An initially off-putting collection that gradually becomes habit-forming.

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VARIETIES OF DISTURBANCE

STORIES

More dauntingly opaque but often brilliant snippets and meditations from MacArthur recipient Davis (Samuel Johnson Is Indignant, 2001, etc.).

Davis, an esteemed translator from French, writes in the tradition of the French postmodernists and surrealists. (She’s translated Blanchot and Leiris.) The 56 stories in this volume include short prose poems (“The Fly,” “Head, Heart”) and chilling one-liners (“Suddenly Afraid,” “Mother’s Reaction to My Travel Plans”). Two of the longer pieces adopt the dispassionate protocols of case studies. “We Miss You” exhaustively deconstructs get-well letters written by ’50s-era fourth graders to a classmate hospitalized after being hit by a car. “Helen and Vi, a Study in Health and Vitality” analyzes how the workaday routines and altruism of two elderly women have contributed to their healthy longevity. (Contrast the intermittent, italicized foibles of narcissist Hope, age 100.) Many of the stories not overtly labeled studies are structured as such, with topical captions, such as “Mrs. D. and Her Maids,” possibly about Davis’s writer-mother. Parents, particularly aged parents, are a preoccupation: Davis has clearly done her time in the halls of eldercare. Her narrators are cynical and reluctant but “good-enough” caregivers. In “What You Learn About the Baby,” a mother catalogs in excruciating detail just how her infant dominates and disrupts her life. The laconic “Burning Family Members” bears hard-eyed, shell-shocked witness to a father’s death. Unabashedly autobiographical, like many of the stories, is “The Walk,” a defense of Davis’s translation of Proust’s Swann’s Way (2003) vs. the Moncrieff/Kilmartin translation, and “Cape Cod Diary,” in which a writer vicariously travels America with a nameless French historian (presumably de Tocqueville, also translated by Davis). Her impersonal, bloodless tone, plain prose style and tendency to summarize rather than dramatize can have a distancing effect; but Davis’ ability to parse hopelessly snarled human interactions (as in the title story) astounds.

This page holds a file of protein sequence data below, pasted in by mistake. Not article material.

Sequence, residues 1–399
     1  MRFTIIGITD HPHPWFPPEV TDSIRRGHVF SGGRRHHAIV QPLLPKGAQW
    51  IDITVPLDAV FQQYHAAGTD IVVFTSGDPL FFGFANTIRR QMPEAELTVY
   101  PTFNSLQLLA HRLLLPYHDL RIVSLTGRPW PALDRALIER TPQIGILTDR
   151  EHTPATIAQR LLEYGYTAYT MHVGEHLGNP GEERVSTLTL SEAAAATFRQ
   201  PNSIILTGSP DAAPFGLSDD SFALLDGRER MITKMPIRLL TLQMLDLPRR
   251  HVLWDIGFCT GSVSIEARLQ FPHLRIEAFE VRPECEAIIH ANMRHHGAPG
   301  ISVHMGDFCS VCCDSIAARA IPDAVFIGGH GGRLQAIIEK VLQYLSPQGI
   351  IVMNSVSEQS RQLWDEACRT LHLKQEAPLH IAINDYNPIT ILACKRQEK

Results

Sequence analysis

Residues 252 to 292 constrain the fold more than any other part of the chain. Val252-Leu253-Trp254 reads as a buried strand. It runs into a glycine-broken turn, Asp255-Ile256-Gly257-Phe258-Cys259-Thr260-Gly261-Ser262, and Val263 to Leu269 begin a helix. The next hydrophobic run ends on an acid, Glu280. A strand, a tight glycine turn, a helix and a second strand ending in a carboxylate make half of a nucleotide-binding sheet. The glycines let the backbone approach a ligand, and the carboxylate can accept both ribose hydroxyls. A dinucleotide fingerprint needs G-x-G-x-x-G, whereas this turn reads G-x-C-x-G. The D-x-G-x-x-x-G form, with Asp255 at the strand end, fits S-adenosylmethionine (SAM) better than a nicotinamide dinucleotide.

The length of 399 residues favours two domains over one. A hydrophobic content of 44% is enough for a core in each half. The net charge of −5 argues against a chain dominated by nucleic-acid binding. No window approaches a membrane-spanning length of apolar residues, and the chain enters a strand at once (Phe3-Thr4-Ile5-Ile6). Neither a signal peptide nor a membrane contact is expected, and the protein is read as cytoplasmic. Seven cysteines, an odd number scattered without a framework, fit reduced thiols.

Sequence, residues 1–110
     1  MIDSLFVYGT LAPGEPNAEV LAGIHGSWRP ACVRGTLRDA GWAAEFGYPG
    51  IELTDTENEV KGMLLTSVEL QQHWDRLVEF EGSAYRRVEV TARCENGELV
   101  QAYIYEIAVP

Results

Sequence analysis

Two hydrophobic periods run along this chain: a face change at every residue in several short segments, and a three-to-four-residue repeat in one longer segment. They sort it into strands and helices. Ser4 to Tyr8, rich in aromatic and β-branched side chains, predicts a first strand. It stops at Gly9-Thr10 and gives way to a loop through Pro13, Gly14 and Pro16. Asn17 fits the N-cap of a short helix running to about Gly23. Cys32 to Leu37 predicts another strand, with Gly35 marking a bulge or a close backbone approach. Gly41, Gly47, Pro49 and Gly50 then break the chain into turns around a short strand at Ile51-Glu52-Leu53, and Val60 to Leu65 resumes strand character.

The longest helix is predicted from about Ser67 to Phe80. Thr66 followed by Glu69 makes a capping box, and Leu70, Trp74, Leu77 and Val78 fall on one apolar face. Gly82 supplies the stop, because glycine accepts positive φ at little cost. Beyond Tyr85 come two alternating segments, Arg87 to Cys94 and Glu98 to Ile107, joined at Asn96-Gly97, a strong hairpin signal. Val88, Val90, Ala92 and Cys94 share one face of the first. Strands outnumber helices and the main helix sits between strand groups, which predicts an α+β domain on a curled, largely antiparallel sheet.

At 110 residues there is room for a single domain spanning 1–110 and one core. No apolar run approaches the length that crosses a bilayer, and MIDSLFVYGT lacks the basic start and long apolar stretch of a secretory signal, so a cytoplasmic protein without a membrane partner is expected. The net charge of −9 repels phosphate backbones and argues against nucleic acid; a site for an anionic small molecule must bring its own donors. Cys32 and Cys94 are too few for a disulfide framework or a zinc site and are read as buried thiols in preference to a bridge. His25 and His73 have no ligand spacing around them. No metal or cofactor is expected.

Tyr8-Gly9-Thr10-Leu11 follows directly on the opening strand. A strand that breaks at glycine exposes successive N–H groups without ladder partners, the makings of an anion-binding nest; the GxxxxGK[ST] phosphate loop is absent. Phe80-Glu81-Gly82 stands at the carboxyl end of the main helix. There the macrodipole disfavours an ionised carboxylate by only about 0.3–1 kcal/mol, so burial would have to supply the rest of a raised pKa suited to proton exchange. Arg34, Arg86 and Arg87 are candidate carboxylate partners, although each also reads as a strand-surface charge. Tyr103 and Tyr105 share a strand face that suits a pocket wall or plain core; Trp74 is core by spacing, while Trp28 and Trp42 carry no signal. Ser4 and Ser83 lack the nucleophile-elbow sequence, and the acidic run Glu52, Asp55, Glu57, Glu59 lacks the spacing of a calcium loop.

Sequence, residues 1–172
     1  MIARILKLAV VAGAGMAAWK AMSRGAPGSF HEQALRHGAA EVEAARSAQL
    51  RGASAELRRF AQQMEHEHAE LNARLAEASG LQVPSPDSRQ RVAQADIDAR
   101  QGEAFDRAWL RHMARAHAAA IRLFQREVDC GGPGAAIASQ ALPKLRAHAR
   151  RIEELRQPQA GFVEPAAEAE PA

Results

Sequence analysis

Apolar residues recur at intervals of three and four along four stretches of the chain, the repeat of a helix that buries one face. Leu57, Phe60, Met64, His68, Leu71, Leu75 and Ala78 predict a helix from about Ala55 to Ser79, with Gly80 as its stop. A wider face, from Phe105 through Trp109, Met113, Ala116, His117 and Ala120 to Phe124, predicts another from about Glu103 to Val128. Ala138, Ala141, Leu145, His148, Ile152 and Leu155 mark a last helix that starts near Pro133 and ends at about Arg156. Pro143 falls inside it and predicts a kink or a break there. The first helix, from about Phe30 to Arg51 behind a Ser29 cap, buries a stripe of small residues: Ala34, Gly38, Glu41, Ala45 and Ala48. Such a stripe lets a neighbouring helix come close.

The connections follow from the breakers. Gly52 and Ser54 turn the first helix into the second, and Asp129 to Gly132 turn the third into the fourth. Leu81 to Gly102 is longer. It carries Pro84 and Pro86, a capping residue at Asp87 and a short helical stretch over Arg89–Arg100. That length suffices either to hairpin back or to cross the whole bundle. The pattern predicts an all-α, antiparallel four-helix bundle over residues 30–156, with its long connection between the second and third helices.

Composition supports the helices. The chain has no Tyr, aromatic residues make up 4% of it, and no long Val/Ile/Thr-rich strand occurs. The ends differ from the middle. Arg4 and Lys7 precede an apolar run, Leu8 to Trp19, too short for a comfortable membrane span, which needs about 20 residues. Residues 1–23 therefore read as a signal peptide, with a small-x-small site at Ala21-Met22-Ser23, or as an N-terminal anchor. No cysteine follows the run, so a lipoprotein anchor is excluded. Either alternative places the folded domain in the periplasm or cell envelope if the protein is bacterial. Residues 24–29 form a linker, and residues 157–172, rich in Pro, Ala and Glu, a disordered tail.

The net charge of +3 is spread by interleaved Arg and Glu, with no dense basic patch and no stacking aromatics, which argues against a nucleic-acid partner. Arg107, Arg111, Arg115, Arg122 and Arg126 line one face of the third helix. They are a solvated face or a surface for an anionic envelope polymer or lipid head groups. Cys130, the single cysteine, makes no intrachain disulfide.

An initially off-putting collection that gradually becomes habit-forming.

Pub Date: May 1, 2007

ISBN: 0-374-28173-4

Page Count: 240

Publisher: Farrar, Straus and Giroux

Review Posted Online: May 20, 2010

Kirkus Reviews Issue: March 15, 2007

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An exuberant comic opera set to the music of life.

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DEACON KING KONG

The versatile and accomplished McBride (Five Carat Soul, 2017, etc.) returns with a dark urban farce crowded with misjudged signals, crippling sorrows, and unexpected epiphanies.